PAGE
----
The above incident well illustrates DeMille’s sense of showmanship; he understood what would sell at the box office. This sense also applied to the Bible. For DeMille, a sincerely devout man who daily read his Bible, Scripture was not something viewed through what he called a “stained-glass telescope,” but full-blooded human drama. “I’m sometimes accused of gingering up the Bible with large and lavish infusions of sex and violence,” he wrote. “I can only wonder if my accusers have ever read certain parts of the Bible….[Biblical characters] were men and women. And that is how I portray them.” Some thought that DeMille may have been a little too lavish with the S&V in S&D’s case. Crowther observed that “the romantic rendezvous between  these two highly virile people are much more seductively described in  Mr. DeMille’s plushy picture than they are in Judges.” Robert  Birchard notes that, while DeMille didn’t alter the Bible story, he “slicked [it] up a bit.” And the critic Terry Ramseye remarked that if “the distilled essence of sex” was called for, DeMille knew where to find it.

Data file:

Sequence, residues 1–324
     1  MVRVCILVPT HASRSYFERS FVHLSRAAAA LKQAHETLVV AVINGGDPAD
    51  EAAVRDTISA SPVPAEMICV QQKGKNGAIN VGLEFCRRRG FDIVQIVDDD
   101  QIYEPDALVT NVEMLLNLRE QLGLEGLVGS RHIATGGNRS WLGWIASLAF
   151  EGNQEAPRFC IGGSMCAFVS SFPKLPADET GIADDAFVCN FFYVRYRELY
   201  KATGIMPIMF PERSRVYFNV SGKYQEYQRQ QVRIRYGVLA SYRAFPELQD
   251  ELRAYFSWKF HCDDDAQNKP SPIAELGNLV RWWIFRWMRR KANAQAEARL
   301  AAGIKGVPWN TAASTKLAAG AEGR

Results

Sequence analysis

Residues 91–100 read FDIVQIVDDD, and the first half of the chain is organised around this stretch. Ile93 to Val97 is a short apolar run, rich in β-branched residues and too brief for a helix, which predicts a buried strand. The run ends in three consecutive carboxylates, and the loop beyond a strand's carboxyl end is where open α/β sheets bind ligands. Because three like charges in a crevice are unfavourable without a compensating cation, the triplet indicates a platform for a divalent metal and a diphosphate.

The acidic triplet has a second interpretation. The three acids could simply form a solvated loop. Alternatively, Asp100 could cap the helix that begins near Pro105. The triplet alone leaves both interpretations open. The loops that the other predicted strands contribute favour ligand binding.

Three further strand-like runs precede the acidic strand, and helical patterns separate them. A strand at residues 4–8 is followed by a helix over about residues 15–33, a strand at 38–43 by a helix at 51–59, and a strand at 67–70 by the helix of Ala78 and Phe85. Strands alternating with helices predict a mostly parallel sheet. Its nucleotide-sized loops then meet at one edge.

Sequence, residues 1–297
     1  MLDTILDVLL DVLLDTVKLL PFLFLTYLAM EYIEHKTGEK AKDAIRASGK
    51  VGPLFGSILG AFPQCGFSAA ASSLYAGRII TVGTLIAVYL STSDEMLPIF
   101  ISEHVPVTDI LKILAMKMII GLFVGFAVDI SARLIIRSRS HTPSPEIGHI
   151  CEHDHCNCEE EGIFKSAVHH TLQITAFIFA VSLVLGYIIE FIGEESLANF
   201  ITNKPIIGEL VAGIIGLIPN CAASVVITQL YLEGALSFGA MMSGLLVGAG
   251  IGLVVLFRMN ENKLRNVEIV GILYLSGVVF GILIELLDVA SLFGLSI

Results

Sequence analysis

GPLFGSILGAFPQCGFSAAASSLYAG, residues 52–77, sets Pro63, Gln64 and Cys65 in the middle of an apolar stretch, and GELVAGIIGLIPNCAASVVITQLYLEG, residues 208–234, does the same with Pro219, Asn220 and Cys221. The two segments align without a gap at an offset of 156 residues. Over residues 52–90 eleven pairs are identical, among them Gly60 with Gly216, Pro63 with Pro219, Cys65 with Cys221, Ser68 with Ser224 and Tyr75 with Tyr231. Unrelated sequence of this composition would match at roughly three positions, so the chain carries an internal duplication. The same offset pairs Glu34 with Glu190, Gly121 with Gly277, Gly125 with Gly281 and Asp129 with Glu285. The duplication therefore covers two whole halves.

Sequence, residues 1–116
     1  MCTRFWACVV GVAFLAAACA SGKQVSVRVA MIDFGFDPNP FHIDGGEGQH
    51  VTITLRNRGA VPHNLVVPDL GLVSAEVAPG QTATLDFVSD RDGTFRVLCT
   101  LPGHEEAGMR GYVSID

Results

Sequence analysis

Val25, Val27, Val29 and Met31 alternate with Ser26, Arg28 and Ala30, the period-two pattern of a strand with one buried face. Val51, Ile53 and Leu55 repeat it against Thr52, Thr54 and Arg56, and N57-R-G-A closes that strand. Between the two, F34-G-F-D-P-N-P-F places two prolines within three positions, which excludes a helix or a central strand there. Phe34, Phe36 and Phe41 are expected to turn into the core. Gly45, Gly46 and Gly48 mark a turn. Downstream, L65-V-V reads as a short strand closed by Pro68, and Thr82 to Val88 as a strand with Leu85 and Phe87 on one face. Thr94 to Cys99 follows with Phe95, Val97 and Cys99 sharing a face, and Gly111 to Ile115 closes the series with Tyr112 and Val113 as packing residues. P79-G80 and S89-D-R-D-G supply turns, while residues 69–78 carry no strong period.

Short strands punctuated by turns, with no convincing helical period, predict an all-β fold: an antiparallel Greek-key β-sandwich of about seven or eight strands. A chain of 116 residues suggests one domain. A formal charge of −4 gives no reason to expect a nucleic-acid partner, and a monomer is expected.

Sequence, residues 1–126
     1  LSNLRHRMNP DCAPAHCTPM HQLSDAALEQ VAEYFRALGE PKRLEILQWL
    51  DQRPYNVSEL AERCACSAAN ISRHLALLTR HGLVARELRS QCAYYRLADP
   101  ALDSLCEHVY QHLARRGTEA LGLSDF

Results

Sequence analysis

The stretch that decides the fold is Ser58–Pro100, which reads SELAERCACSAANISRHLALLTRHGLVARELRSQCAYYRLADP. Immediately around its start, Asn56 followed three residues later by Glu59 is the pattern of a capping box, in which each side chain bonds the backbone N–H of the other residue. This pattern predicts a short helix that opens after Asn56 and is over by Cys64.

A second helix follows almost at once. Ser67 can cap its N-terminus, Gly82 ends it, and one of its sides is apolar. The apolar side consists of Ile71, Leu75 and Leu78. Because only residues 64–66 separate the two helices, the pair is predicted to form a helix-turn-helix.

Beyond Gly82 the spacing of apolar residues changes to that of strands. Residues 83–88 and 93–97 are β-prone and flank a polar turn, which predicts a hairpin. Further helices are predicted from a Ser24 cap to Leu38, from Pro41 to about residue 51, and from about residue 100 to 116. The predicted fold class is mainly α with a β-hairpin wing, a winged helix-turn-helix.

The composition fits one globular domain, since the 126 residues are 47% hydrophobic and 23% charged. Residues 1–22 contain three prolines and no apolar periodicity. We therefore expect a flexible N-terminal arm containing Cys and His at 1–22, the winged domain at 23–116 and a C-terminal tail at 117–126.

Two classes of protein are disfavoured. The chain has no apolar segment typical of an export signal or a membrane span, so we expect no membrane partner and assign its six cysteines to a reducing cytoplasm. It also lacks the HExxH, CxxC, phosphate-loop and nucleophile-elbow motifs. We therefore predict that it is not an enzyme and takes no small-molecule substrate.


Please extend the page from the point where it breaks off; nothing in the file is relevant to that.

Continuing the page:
That such ‘gingered’ elements appear in DeMille’s Biblical adaptations is not surprising. Per Louvish, the director’s reputation was not just as a Bible interpreter but as the creator of “Hollywood’s most adult-themed entertainments.” DeMille’s 1920s productions included a sprightly series of “husband-and-wife-divorce-and-remarry satires,” with titles like Don’t Change Your Husband and Why Change Your Wife?, many starring a glamorous Gloria Swanson revealingly draped in the hautest of couture. Their stories, Louvish writes, reflected a “carefree dalliance with the burgeoning jazz age, replete with the syncopations of desire and pleasure—and delicious orgies.” But the director had also discovered “the potent power of presenting modern dilemmas in their ancient settings.” Early S&D scripts, says Louvish, focused on “the ways in which the ancient story could be told for a modern movie audience.” Much of that modernizing seems focused on Delilah, played by a delectable Hedy Lamarr, who slinks through the role clad in garments apparently designed to appeal to the discriminating patrons of a burlesque house, assuming such institutions existed in ancient Philistia. She also spends much of the movie reclining on cushions and fanning herself, like a Philistinian version of a desperate housewife. If Delilah were with us today, she would probably have her own TV reality show.